And that's been how it's been working on the retailers, but with Kickstarter, there is no fake scarcity. It is true scarcity.
And I feel like it's the first time I've been able to do that. So for my next Kickstarter, which is Writing the Shadow: Turn Your Inner Darkness Into Words, there is a Kickstarter special, it has gold foil on the hardback and it has a ribbon.
And I've never done gold foil or a ribbon before and that particular version will only be sold with the Kickstarter.
If people are interested in that, it's www.TheCreativepenn.com/shadowbook.
But yeah, scarcity is so important for people to take action, but we haven't really had that apart from these crowdfunding things.
Which obviously have been around a while, but I feel like it's only really taking off for fiction since Brandon did his.
Thomas: We'll have a link to that Shadow Book Kickstarter. I'm going to try to schedule this episode to go live when that Kickstarter is still live. So if you want to watch Joanna Penn do a Kickstarter for a book, this is your chance to do that.
But I'm curious, going back to the gold foil, how did you make a gold foil edition, because for a lot of indie authors, the only way they know how to make a book is with Amazon, right? They go to Amazon KDP and they have Amazon KDP make them a book and there is no gold foil option on Amazon. So how did you make it?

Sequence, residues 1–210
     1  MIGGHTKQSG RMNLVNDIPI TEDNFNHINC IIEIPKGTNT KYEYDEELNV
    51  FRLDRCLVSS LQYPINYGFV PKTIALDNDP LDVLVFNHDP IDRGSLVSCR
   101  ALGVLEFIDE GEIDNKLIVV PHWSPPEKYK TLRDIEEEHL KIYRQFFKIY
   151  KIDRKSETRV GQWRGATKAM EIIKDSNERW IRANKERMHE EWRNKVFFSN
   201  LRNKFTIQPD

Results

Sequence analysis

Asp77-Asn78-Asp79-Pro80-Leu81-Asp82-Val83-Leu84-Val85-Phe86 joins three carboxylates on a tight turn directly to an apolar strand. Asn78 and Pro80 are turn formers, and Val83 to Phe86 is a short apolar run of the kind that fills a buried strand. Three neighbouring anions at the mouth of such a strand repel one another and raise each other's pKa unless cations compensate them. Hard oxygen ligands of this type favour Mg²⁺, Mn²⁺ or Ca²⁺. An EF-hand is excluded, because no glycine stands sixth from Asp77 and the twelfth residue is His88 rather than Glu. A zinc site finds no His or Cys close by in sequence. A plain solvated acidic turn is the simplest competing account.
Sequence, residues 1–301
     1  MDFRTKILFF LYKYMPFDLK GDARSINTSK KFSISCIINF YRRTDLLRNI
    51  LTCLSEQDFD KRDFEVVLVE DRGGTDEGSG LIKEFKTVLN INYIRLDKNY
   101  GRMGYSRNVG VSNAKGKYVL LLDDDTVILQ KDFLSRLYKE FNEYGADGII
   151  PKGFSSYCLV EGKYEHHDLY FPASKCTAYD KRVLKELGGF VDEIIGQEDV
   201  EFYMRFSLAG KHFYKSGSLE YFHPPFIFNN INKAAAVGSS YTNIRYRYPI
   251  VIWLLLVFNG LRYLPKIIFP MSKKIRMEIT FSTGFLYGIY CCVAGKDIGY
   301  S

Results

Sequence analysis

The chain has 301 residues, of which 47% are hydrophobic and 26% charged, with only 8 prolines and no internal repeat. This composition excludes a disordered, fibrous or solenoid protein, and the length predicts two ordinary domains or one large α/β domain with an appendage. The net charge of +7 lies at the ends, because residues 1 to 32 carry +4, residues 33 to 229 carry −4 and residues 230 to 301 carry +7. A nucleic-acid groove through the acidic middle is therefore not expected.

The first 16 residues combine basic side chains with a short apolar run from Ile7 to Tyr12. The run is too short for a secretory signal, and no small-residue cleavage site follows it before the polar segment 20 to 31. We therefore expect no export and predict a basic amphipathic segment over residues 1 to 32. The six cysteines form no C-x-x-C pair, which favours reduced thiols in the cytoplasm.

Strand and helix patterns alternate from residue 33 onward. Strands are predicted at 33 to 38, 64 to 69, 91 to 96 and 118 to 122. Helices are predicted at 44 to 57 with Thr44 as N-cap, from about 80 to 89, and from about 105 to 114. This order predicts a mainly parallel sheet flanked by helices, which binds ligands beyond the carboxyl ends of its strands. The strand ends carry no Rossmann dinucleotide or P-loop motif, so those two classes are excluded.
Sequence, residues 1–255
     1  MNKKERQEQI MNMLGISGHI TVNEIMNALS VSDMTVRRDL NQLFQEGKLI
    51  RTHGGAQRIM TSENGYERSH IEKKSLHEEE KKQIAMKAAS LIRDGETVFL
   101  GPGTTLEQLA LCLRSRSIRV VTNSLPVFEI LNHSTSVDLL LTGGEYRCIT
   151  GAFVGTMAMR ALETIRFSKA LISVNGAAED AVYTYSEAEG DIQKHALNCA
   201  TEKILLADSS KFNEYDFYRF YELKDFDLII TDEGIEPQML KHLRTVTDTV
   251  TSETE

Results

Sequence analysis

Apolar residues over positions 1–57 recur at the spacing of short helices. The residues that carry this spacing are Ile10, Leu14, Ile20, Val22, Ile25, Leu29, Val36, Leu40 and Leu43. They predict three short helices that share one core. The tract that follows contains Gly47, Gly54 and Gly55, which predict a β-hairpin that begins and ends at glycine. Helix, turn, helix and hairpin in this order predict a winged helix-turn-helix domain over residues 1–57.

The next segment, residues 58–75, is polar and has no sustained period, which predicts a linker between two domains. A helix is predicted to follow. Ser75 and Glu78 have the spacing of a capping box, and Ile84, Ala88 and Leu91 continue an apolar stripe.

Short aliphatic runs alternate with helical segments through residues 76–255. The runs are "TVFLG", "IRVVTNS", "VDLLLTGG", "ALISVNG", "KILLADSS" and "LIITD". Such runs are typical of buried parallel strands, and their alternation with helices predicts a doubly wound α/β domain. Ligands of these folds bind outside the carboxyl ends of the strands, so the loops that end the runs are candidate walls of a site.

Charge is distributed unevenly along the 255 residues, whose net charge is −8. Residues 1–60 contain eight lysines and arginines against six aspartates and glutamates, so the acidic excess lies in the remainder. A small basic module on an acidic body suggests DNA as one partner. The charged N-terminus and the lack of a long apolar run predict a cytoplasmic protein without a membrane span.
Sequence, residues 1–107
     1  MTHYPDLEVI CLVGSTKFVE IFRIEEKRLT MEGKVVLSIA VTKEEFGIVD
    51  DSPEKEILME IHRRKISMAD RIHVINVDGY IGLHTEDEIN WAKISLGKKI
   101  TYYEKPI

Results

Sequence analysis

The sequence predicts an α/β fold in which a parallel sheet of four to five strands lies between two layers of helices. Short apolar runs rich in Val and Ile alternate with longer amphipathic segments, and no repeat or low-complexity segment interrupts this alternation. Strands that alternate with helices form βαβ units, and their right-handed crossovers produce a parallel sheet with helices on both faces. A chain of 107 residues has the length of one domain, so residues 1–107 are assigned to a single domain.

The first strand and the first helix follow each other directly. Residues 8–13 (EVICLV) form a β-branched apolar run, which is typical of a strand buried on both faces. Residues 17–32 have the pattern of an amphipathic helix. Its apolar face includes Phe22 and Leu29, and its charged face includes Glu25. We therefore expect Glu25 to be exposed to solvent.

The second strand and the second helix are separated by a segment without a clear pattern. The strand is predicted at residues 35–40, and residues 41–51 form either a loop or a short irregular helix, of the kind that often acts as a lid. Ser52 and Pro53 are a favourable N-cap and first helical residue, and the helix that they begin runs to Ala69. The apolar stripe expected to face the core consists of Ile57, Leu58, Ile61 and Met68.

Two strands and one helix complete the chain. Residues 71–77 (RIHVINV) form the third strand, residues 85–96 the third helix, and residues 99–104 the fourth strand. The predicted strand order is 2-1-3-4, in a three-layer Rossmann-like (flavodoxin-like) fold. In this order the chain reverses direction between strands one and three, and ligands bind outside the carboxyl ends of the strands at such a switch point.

Joanna: I mentioned Bookvault. app earlier, they're here in the UK and I met the guys at London Book Fair and I was like, wow, this is amazing.
I went to their plant up in Peterborough and now they're starting to do these other options. So I'm doing my first gold foil and my first ribbon because that's what they're going to start offering.
So it's going to be like a bespoke publishing option.
But again, the benefit of Kickstarter is that you know the number of books you want to order. So as long as you've got a good relationship with a printer, who's agreed to print the books when you want them printed, and also I'm going up to the plant and I'll be signing the Kickstarter books.
And I rarely do signed editions. So I sign them all up at the factory and then they ship them all out.
Now, obviously that can't be done by everyone. But you could do an unsigned edition, and they're looking at more and more bespoke options. So again, I reckon on some of those books, you've got like a metal corner edge on some of those books, and they're looking at what other options might authors want for beautiful books.
That's why I'm excited about the possibilities of what we can do in the future for really much more affordable print runs.
Thomas: I've been working with a local printer near you for years, and I have gotten incredibly positive feedback from authors of how much they've fallen in love with their local printers because it's amazing how much better you get treated when you're interacting with a human being rather than interacting with an impersonal website.